When you’re this close to the North Pole, it’s okay to celebrate Christmas in July.
Pond Inlet, a community of 1,300 on the north shore of Baffin Island, will be receiving a gift from the City of Cornwall in the guise of a used Zamboni.
The isolated northern community recently built a new arena, but is lacking an ice resurfacer.
City councillors voted Monday night to donate a surplus machine from the municipal fleet of Zambonis.
"It's a very sound machine," said Norm Levac, the city's infrastructure manager. "It's a very good product we're supplying them."
The 25-year-old machine that used to make the rounds in Cornwall is now going on the longest trip of its life – some 3,500 km due north of its current home to the Pond Inlet arena, located in a fly-in only community with the majority of the yearly supplies arriving by ship during the month of August. The community has 24 hours of dark from mid-November to February and 24 hours of daylight from mid-April until October.
"This is a very compelling request," said Coun. Bernadette Clement. "We need to be very grateful in our community that we have access to the type of equipment we have."
Robert Kavanaugh, an RCMP officer posted in Pond Inlet, made the request of city council in a letter last month.
“Last year a community hall with an arena was built to replace the 27-year-old arena. The community had to wait until March for the arena to open which resulted in a pretty short season,” said Kavanaugh. “The children and youth of the community have very little to do and for the most part just walk around town hanging out. The community has limited exposure to organized sports like hockey that you and I take for granted.”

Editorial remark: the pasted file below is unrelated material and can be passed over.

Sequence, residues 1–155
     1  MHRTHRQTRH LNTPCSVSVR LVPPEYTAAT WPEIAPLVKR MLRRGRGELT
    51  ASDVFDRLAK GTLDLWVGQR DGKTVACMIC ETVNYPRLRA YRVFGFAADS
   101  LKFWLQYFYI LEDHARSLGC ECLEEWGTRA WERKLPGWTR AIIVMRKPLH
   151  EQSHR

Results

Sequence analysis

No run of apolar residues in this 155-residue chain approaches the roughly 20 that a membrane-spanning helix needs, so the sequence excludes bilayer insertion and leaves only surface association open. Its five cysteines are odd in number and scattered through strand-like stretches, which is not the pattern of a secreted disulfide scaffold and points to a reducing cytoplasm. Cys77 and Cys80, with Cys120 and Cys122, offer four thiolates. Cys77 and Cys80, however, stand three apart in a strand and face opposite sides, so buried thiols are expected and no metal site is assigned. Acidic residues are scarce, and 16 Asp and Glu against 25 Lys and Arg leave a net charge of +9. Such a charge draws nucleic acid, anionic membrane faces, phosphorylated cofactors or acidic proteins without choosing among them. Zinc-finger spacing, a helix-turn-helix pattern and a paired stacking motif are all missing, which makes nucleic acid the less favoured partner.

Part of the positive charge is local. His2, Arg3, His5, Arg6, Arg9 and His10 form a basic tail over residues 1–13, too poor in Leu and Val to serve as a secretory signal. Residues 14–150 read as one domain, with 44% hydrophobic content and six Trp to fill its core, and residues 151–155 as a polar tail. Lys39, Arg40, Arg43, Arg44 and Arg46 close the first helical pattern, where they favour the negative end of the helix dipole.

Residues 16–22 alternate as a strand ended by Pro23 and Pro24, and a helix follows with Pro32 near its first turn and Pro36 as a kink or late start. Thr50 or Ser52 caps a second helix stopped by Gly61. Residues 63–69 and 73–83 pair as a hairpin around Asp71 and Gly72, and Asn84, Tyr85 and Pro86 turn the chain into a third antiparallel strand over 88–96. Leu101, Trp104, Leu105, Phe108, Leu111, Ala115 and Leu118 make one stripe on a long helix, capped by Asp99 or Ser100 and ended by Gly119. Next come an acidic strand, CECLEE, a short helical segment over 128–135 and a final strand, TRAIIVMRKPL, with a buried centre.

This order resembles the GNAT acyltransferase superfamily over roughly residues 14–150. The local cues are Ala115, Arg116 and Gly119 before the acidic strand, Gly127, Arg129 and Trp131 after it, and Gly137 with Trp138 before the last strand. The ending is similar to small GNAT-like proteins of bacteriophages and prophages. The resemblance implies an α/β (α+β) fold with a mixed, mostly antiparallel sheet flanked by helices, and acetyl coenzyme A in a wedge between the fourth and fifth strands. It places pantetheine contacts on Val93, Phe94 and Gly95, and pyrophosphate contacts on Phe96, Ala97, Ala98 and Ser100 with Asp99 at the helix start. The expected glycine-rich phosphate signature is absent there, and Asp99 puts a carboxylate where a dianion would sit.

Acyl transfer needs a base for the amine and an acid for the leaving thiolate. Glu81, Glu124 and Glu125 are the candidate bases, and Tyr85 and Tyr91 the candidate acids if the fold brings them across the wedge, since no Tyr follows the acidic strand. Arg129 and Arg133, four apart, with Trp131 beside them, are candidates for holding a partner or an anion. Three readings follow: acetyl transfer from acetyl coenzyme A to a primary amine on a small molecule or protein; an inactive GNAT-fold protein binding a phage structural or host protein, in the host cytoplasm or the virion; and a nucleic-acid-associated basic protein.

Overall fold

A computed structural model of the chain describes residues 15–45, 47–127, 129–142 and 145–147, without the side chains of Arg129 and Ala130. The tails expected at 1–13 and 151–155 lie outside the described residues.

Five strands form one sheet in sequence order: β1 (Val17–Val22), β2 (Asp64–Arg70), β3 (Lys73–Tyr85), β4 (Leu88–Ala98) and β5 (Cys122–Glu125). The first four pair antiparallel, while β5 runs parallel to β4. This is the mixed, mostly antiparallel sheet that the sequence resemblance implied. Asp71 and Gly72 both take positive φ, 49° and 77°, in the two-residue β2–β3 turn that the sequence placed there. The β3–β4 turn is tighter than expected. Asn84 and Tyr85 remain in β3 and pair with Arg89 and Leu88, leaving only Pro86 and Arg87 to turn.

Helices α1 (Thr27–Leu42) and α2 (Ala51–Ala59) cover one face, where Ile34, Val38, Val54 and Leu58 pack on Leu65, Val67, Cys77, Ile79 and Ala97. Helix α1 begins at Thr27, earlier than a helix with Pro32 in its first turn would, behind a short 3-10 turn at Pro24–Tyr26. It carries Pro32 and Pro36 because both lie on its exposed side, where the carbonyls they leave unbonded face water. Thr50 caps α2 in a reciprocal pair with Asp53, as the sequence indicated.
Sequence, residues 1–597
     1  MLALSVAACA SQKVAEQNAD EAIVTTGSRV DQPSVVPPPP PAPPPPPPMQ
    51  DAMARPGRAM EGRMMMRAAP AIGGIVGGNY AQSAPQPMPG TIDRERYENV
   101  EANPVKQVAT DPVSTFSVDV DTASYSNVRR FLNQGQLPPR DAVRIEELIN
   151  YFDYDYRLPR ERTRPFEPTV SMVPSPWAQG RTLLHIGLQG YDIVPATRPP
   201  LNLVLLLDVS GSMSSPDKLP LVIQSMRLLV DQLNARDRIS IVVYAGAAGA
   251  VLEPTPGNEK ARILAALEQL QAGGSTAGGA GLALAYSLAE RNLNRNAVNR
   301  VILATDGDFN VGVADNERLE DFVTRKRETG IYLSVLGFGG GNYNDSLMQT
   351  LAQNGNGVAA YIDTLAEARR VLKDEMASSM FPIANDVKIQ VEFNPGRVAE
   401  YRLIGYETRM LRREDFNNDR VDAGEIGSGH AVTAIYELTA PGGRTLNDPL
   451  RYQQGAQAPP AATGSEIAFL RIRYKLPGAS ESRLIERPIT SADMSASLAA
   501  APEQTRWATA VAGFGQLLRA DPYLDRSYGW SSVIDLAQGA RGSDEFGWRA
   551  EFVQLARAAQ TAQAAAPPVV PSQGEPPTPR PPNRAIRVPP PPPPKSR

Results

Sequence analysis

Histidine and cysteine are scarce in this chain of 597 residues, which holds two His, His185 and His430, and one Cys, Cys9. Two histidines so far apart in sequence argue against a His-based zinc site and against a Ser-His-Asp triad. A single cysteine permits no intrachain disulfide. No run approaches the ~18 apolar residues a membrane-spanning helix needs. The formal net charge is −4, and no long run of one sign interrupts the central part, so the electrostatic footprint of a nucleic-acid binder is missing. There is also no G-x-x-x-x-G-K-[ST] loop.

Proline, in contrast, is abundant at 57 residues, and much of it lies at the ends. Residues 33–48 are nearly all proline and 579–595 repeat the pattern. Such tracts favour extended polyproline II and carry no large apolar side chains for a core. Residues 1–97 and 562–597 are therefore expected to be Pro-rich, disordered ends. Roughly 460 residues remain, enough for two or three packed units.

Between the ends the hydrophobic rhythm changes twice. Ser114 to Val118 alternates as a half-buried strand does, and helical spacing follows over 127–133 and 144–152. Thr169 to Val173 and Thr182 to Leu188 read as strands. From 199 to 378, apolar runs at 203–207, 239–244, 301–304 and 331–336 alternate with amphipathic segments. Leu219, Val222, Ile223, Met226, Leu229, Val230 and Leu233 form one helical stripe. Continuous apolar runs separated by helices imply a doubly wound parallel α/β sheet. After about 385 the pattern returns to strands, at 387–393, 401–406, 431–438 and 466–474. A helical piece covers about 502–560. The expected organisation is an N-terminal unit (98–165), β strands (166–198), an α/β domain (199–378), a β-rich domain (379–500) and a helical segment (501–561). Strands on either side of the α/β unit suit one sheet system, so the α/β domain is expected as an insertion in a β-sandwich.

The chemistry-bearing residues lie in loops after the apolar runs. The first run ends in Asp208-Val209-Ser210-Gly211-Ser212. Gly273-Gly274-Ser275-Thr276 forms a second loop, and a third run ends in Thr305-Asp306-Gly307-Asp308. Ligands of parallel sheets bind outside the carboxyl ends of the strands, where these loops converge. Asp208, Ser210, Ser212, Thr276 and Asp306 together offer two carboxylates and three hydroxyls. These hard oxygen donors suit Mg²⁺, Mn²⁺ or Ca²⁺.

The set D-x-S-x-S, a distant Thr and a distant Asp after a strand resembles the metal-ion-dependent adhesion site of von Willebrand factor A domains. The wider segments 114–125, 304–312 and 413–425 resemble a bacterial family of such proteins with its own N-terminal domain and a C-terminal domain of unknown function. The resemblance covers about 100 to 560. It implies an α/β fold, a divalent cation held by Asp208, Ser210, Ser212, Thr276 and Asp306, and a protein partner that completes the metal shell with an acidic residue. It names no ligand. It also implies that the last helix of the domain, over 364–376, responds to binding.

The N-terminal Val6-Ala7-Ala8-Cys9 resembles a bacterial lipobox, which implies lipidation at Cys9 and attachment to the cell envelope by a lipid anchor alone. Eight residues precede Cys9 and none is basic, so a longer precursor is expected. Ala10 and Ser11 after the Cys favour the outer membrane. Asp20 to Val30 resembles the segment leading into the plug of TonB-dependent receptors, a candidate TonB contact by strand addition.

He explained the ice is resurfaced by scraping away snow with shovels and brooms, and at night a 45-gallon drum of water is dumped on the surface.
“As you can appreciate without a Zamboni the playing surface is less than desirable at best,” said Kavanaugh.
Resurfacing at any normal facility takes anywhere from 10 to 15 minutes, while in Pond Inlet it can take more than an hour to clean and flood the ice surface.
"(This) will be really well received by the community,” Kavanaugh said in an interview. “It will be the same as getting one right off the factory floor.”
City council had to make its decision Monday. It has only one meeting in July and Pond Inlet has until July 20 to get a machine, any machine, onto a supply ship bound for its harbour.There will be no costs incurred by the city as the unit has been paid for and has no remaining book value. This ice resurfacer was purchased in 1987 with a service life of 20 years. Currently, the unit is to be included in the surplus/obsolete equipment tender to be issued later this year. Based on past experience, the disposal of a similar unit would realize less than a $1,000 if sold or scrapped.